Can the Divine 2nd Person of the holy trinity ever be present anywhere without his human nature? Is the Alpha and Omega strapped to a chair at the right hand of the Father?

Exiled Preacher said...

Your conception of the Lord's Supper sounds a little Lutheran to me, Canadian. I don't believe that due to the union between Christ's divine and human natures that divine properties were communicated to his humanity. His natures are united in his divine Person, yet they remain distinctly divine and human.

The Son is always and everywhere the incarnate Son, but part and parcel of his taking flesh is that his humanity is finite and is not therefore omnipresent. Due the communion of attributes in the person of the Son it is appropriate to say that the 2nd Person of the Trinity is present everywhere as the incarnate Son. But that does not imply that his humanity is omnipresent any more than saying that the Son of God was crucified means that his divine nature was nailed to a cross. The Son was crucified in his humanity. Similarly the incarnate Jesus is present everywhere in his divinity.

Chalcedonian Christology holds good even in Christ's exalted state.

Canadian said...

Thanks for your response.
I am not Lutheran but a disfunctional Baptist :-)
His humanity remains distinctly human but is it naturally human to walk through the wall into the upper room to chat with the apostles? Is it naturally human to rise from the dead? Is it naturally human to glow like the sun? Or transport from heaven to earth at will? The iron and fire analogy of the father's is pertinent. Iron is by nature always iron, but when fire interpenetrates the iron it shares properties unnatural to it.
This does not violate Chalcedon's meaning of "without change".
The council of Ephesus stresses that the unbloody worship offered in the churches is not flesh as of an ordinary man but because of the union in the person of the Son, his flesh itself becomes life-giving. He is personally present which necessarily means in both natures. We can say "God died" knowing he did not suffer in his divinity, but did suffer personally as the Son--our one Lord Jesus Christ. Distinction does not necessitate separation or restriction. Wow! It is a good thing I wasn't responsible to sort out all this stuff in those centuries, thank God for his providence.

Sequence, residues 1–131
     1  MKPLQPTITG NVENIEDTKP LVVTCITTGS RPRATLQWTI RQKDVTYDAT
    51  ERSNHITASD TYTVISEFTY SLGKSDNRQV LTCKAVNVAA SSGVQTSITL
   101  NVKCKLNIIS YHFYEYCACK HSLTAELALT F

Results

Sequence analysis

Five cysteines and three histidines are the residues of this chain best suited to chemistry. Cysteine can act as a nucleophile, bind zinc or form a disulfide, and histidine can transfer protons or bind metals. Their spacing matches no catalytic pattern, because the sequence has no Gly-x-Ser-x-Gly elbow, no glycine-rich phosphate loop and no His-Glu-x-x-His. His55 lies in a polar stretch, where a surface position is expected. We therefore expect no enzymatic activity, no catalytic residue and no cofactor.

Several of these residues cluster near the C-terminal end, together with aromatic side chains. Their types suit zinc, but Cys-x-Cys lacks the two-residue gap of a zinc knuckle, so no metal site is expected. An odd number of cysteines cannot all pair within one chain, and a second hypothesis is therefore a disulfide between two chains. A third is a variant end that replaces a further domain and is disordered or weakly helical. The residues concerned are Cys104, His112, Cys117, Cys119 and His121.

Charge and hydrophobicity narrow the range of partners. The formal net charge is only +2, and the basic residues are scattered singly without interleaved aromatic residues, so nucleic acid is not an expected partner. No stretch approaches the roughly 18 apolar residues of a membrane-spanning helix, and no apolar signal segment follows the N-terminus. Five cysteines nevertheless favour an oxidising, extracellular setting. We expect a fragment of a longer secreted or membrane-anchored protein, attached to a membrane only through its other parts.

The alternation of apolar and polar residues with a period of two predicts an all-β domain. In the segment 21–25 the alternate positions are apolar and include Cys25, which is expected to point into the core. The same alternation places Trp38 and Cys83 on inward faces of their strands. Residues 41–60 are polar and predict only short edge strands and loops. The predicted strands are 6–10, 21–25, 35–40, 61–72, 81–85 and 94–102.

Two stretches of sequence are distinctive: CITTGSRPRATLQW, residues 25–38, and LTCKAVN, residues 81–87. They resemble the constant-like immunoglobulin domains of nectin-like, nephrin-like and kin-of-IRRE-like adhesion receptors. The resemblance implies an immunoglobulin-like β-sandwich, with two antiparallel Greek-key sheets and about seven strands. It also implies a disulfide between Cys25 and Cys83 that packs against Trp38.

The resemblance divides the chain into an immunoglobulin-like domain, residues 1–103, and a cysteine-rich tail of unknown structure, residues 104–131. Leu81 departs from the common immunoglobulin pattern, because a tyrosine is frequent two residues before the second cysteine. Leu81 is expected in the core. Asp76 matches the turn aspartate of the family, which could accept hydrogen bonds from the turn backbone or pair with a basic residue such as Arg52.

Canadian said...

And Jesus took bread and gave thanks and said "this isn't my body, my body is over here."

Exiled Preacher said...

I grant you that Jesus' resurrection body had properties that it did not possess before like the ability to suddenly appear in a room. But it was still a body that was either in one place or another.

Canadian said...

Jesus body was a fully human body entirely received from Mary.
But even before his resurrection, his humanity was the vehicle for divine activities un-natural to it: walking on water, healing, raising the dead, turning water into wine, said "this is my body" (before the crucifiction), seeing Nathaniel under the tree when not present, knowing men's thoughts, arriving at the shore "immediately" when having left after the disciples, physically transfigured by divine glory, etc.
How much more, post-resurrection is he able to give his life giving flesh any way he pleases.